I have tried to say it does not hurt, and smile. And I can reason that witch has been a gift, in its way – for look at my life.... Look at the beauty that witch has brought me to. Such pink-sky dawns, and waterfalls, and long, grey beaches with a thundering sea, and look what people I met – what people! I’ve met some sovereign lives. I’ve met wise, giving, spirited lives which I would not have done, without witch. What love it showed me, too. No witch, and I would not have met the man who made me think him, him, him - all the time. Him, who tucked a strand of my hair behind my ear. Him who said you....
The narrative intersperses the present, her breath as she speaks, clouding in the cold air of her prison cell, then moves to her inner reflections and the life of a woman shunned as a witch. Corrag’s recollections of her wild and isolated life reveal her suffering but also her resilience and the pleasures she has derived. The prose has poetic qualities: repetition of words and phrase patterns, images of colour, simple language, which create a sense of otherwordliness about her character.
Another advantage of using the first person, is the way that it enables the writer and then the reader to enter the inner world of the character, to share in his/her emotional life, to see and judge other people and events from his/her perspective. It can also convey a ‘confessional’ relationship with the reader and some writers do this explicitly when the narrator addresses the reader directly in the second person ‘you’. In some cases the use of a naive or unreliable first person narrator can create humour or tragic dramatic irony.
I had always shied away from using the first person, but decided to try it in my third novel The Conjuror’s Truth, as a way of responding to feedback on my heroines in earlier novels, which suggested that they were not characterised strongly enough, nor were they engaging the readers’ interest sufficiently. I also, perhaps unwisely, experimented with the present tense, to increase the tension and immediacy of my heroine’s situation.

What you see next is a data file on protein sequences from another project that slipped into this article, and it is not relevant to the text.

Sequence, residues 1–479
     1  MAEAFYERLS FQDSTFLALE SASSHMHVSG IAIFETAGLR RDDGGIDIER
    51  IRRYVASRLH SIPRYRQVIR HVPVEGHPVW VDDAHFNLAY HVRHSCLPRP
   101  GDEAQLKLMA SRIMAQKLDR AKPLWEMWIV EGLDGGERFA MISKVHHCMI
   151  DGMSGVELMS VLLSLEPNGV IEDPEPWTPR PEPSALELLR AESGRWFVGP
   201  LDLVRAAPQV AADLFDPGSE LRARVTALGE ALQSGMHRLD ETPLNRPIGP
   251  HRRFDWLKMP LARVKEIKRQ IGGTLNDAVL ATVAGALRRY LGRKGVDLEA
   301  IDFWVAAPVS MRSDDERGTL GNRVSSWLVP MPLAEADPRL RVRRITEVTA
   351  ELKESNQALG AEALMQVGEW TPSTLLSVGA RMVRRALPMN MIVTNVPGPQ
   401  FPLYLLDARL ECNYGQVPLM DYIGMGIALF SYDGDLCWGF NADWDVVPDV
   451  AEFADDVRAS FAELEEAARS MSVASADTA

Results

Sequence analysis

The Conjuror’s Truth
Chapter 1 Welstead, Essex, August 1698
We are three weeks wed and still he has not touched me. Mary has told me what a woman must endure to do her duty to God and to her husband, but though there is a good bedchamber upstairs and I have taken care about my person, he does not come to me. Instead he sleeps upon a couch in his study next to the parlour. I hear him sometimes at night, pacing below, his feet shuffling upon the flagstones. A light flickers at the foot of the stairs where he pauses awhile and then there is darkness again.
I do not know how I should speak to him, we being so little in each other’s company and so poorly acquainted. How can I discover my husband’s humours, his likes and dislikes or share in his thoughts and opinions? My husband? How can I even claim him as such? He is not mine in any way, save by a bond of law, which has not tied our hearts or minds nor our bodies together. God has ordained that the holy union of marriage is for the procreation of children and my husband is a godly man who does not shirk his duties. Why therefore does he deny this one? I have no one to turn to, to confide in or from whom I might seek counsel. Mary is now so far away and my husband and I are strangers in this new town. I can do nothing but bear this shameful puzzlement with patience and try what is in my power to please him.
I was faced with the challenge of sustaining interest in the character and her traumas and adventures, which I think I managed through a fairly action-packed plot. The plot is a little extreme and one reader’s feedback indicated less satisfaction with the romantic hero, though as always the responses of readers were pretty variable and sometimes contradictory.
Now, as I prepare to start my next novel, I am in a quandary and although I have plenty of ideas about the setting and some events, I have not settled on a strong or interesting enough main character and wonder whether to try first or third person. I suppose that there is no way of knowing other than by launching forth and then re-writing if the chosen approach does not work!
Writing does not become easier. The more I do it, the more I am aware of potential pitfalls and the gulf between what I aspire to achieve and the reality of what I produce!